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The Trump Administration Tries (Again) to Ban Asylum

The administration’s new rule is its most extreme and unlawful attempt yet to cancel the human right to seek refuge from persecution.

By Josh Leach on July 17, 2019

On Monday, July 15, the Trump administration unveiled a new rule designed to ban the vast majority of asylum seekers from accessing their rights under U.S. and international law. Dubbed a “Third-Country Asylum Rule,” the regulation would make a person categorically ineligible for asylum if they 1) enter the U.S. by crossing the southern border; 2) passed through any country on their way to the United States that has signed international refugee agreements; and 3) did not “apply for protection” along the way.

These exclusions would effectively end the U.S. asylum system, putting many thousands of lives at grave risk. The United States is a participating nation in longstanding international agreements upholding the human right to seek asylum, which also prohibit deporting people to places where they will face persecution. 

Trump’s new regulation abandons these agreements and leaves no protections for people traveling to this country through the most commonly used migration corridors. In a particularly cynical move, it would force migrants to apply for asylum in Guatemala, Honduras, El Salvador, or Mexico. All four countries are particularly dangerous for migrants, and the first three are themselves the primary source of the migrant crisis, due to chronic violence, state repression, and the long-term impact of U.S. policies in the region. 

International law does not obligate asylum seekers to apply for protection at the first opportunity—and it would be patently absurd to do so in the very countries they are fleeing. UUSC’s Director of Activism and Justice Education, Rev. Kathleen McTigue, recently returned from a week with Annunciation House in El Paso, TX, working with exhausted and frightened refugees. Rev. McTigue noted that 75% of the migrants she met were from Guatemala, underlining the fact that far from being a “safe third country” for migrants, it is not safe even for its own citizens. “The cruelty and cynicism of claiming that people are ‘safe’ if deported to these countries is beyond the pale. It’s like saying people would be safe in a torture chamber,” she declared.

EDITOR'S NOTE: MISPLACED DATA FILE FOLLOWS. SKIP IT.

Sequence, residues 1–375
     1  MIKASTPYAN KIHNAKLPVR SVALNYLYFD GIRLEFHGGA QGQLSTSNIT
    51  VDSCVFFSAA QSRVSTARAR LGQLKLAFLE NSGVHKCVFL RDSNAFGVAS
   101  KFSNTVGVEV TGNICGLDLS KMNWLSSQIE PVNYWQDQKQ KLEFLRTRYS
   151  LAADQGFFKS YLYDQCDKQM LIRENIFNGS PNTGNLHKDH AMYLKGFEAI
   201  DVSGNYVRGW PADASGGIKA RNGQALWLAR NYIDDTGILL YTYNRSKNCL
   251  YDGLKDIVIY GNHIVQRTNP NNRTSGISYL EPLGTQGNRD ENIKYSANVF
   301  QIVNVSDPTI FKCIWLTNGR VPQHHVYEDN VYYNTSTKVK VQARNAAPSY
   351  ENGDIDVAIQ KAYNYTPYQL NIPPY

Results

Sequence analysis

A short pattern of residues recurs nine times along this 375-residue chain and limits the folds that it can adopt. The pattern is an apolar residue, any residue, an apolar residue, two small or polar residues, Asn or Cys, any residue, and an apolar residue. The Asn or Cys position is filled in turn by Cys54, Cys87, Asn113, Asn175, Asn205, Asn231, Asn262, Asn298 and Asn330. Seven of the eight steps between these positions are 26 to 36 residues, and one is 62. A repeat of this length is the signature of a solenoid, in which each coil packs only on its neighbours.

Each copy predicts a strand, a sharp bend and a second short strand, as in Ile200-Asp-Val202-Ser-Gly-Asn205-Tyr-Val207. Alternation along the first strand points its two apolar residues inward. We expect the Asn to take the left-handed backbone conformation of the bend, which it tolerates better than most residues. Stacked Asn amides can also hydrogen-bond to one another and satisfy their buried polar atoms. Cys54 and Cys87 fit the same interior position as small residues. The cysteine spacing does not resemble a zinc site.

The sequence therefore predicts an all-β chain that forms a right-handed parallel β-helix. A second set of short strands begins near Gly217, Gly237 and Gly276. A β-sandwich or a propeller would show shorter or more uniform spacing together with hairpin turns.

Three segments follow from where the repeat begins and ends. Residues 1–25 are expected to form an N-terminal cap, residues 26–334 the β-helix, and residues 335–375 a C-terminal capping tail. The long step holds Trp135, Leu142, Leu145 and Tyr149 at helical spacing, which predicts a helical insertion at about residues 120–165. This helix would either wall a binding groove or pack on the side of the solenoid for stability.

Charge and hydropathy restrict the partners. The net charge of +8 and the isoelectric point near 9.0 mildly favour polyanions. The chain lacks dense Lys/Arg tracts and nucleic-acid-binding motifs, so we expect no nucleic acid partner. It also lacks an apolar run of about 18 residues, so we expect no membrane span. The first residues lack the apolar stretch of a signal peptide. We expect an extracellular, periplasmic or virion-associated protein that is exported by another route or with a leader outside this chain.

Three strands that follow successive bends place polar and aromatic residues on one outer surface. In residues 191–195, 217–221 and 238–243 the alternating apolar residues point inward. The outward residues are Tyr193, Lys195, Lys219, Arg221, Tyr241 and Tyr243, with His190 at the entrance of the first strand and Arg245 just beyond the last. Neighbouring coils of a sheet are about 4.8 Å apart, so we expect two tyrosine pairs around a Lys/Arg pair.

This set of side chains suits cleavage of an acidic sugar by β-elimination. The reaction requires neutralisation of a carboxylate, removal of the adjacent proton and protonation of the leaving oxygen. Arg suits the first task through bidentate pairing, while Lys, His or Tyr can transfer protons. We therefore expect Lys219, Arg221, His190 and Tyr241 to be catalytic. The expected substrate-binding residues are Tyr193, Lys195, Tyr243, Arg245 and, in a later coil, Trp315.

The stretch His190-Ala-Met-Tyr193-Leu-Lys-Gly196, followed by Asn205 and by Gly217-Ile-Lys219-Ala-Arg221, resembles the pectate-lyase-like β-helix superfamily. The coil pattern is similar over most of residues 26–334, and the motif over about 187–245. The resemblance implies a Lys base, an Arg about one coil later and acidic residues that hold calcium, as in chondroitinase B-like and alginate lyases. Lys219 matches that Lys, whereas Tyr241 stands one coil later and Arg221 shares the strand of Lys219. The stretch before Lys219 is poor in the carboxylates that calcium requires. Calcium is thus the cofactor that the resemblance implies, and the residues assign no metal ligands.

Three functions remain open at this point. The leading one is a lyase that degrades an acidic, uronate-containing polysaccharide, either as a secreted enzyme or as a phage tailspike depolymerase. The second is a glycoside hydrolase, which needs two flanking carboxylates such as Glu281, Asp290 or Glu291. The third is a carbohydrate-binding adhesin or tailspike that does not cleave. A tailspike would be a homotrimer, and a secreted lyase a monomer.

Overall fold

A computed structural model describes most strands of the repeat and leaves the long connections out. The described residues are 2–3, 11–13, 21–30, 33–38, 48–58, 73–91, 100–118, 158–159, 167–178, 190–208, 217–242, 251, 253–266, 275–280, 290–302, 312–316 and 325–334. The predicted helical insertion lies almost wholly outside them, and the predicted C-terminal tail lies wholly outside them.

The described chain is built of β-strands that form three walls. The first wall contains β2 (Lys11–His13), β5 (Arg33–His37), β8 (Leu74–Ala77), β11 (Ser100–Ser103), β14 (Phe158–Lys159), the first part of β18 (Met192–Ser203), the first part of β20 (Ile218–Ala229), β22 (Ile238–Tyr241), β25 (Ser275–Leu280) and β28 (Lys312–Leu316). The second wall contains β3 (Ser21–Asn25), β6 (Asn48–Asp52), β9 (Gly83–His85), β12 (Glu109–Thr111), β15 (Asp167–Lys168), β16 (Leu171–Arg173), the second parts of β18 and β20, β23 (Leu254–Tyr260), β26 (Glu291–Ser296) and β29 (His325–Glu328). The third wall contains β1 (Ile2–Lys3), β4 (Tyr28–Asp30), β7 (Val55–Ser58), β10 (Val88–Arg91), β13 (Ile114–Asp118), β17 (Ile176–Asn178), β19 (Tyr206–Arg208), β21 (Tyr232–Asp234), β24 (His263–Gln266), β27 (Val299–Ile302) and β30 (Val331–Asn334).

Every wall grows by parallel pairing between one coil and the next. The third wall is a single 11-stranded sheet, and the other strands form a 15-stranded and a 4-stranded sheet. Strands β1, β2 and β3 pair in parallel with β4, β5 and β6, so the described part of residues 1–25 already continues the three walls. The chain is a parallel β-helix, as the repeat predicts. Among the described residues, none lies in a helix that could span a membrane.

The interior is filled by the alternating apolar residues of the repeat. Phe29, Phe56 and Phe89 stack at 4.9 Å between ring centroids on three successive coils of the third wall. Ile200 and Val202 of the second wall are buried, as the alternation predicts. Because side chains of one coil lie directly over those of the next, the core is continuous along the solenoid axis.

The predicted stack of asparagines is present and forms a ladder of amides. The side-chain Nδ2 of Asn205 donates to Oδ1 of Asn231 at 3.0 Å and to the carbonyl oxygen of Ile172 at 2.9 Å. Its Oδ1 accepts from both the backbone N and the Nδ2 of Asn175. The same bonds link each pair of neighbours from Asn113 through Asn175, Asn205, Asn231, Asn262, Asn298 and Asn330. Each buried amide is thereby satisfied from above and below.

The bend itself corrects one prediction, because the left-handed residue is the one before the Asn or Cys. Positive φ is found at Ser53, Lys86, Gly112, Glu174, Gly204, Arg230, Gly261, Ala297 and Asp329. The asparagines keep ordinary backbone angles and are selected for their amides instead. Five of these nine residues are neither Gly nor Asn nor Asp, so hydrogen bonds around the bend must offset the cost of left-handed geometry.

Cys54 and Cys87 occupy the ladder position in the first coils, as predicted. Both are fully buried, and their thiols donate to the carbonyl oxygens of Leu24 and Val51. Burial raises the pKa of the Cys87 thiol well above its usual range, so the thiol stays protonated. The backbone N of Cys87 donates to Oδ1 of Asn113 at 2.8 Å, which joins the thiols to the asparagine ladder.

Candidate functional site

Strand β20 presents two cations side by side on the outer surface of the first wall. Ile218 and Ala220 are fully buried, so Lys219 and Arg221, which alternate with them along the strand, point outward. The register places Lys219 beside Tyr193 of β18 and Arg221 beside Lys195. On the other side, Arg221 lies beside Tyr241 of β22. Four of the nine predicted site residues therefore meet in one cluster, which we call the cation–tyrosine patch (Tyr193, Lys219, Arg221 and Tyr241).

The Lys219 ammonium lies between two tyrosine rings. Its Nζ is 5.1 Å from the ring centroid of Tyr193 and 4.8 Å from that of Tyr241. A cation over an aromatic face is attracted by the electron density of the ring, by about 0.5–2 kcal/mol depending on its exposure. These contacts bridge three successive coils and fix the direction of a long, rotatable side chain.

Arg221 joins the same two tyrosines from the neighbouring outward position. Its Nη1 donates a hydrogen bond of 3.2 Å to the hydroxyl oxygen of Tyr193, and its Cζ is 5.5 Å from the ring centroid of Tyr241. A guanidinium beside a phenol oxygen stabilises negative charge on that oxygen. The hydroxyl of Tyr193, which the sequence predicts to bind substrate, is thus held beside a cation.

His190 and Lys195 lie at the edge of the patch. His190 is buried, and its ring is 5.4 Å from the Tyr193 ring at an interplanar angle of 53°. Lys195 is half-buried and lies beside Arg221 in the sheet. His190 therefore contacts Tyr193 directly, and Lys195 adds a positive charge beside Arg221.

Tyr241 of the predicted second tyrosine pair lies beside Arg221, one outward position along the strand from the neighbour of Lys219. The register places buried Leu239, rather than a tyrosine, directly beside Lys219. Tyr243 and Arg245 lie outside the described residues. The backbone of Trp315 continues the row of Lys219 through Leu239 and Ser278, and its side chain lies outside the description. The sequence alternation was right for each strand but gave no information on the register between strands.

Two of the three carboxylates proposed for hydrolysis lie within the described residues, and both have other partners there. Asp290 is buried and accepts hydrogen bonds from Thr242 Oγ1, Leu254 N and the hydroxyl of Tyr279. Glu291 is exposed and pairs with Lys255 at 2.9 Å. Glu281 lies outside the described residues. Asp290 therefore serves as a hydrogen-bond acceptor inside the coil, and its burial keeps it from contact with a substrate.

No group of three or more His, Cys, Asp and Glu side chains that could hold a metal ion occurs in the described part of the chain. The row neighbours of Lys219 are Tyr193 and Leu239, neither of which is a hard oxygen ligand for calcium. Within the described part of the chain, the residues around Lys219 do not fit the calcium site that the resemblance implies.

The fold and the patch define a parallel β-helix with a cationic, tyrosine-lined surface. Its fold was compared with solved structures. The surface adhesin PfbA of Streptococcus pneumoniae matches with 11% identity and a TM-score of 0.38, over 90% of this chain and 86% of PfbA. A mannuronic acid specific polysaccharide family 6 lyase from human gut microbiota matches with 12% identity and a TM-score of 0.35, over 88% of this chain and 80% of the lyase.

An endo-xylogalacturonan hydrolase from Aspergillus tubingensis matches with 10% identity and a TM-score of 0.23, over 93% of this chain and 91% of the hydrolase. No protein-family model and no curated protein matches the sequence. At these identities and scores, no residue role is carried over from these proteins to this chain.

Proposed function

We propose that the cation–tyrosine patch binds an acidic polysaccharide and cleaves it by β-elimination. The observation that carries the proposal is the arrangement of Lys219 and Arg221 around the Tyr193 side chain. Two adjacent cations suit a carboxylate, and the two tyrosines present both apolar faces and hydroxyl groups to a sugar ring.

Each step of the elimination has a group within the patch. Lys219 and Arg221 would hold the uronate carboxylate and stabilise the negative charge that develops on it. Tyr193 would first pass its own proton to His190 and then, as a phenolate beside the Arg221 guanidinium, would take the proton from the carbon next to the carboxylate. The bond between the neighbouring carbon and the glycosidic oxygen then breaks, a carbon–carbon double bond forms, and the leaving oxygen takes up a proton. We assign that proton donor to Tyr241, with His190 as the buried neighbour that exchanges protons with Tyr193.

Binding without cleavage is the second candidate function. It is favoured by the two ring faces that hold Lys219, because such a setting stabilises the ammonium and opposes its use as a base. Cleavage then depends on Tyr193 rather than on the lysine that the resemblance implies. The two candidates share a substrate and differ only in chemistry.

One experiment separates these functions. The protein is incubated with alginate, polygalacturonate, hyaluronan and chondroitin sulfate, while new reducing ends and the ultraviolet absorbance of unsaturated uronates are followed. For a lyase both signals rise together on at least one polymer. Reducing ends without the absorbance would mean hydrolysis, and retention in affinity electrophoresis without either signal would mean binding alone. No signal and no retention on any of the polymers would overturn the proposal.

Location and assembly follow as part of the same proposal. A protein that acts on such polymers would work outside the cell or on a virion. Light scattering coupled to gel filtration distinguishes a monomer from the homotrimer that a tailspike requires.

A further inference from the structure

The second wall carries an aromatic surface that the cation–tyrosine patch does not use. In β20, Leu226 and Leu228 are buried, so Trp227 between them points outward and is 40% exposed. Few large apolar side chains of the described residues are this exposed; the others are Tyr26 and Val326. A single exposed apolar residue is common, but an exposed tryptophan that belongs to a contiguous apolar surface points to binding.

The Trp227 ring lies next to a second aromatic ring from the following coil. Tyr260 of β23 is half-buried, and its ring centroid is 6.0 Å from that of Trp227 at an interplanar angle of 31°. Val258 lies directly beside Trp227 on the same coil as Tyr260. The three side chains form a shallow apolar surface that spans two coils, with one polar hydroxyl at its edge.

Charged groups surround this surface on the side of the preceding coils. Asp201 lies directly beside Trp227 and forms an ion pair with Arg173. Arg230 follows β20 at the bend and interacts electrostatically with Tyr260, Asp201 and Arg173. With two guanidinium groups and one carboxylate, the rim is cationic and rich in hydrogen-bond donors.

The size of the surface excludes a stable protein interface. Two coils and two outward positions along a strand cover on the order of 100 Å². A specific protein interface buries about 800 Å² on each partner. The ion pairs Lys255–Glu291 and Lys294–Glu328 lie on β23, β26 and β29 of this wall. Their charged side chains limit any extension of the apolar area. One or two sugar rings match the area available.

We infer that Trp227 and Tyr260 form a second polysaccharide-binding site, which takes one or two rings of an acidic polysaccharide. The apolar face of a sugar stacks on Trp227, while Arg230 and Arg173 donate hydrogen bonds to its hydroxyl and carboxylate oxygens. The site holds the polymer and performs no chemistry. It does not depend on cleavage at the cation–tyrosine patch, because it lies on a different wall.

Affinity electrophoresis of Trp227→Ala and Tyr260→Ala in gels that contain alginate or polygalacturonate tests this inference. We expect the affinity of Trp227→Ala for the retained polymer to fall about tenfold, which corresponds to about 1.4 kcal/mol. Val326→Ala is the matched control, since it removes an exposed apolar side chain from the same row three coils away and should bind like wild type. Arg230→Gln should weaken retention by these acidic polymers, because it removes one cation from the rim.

The Trump administration’s latest attempt to ban asylum is very similar to its earlier ban in December 2018, which was also issued in the form of an interim final rule, and which likewise attempted to exclude vast categories of people from asylum. Federal courts quickly struck down the earlier ban on these grounds, and they should do so with the new regulation as well. The “Third Country Asylum Rule” is immoral and dangerous, and it is inconsistent with both U.S. law and global commitments. 

UUSC took action against Trump’s earlier asylum ban and is committed to fighting the current one as well. We will continue to work with our partners throughout the region for the rights of Central Americans to safety at home; to be safe in transit if they are forced to migrate; and to seek permanent protections when needed in the United States. 

Photo Credit: iStock – Motortion

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About UUSC: Guided by the belief that all people have inherent worth and dignity, UUSC advances human rights globally by partnering with affected communities who are confronting injustice, mobilizing to challenge oppressive systems, and inspiring and sustaining spiritually grounded activism for justice. We invite you to join us in this journey toward realizing a better future!

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